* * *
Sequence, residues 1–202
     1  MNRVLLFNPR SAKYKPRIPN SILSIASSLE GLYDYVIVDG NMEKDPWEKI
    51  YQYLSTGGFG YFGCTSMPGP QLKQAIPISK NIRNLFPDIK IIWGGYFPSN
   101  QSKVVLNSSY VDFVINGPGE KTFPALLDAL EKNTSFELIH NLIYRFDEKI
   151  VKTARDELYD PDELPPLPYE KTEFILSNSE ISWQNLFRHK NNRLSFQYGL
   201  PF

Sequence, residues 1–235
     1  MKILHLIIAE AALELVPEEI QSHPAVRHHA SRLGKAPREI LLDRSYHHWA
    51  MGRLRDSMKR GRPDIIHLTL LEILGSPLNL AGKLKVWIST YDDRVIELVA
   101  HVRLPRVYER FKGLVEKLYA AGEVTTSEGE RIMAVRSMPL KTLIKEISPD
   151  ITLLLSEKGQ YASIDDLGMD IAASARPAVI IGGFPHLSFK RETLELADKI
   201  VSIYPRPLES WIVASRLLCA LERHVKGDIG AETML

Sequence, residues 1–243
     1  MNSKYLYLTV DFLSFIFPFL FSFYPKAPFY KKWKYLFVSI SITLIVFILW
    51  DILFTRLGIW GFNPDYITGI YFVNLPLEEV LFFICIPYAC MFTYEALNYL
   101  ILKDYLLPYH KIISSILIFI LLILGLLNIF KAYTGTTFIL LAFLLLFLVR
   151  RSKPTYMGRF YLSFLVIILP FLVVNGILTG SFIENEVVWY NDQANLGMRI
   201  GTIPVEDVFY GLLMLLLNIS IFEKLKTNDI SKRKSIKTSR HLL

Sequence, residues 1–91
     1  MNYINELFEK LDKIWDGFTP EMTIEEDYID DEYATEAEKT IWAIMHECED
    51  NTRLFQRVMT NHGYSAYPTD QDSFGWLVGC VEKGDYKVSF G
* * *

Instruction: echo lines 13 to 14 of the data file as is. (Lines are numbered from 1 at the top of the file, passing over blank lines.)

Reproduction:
Sequence, residues 1–243
     1  MNSKYLYLTV DFLSFIFPFL FSFYPKAPFY KKWKYLFVSI SITLIVFILW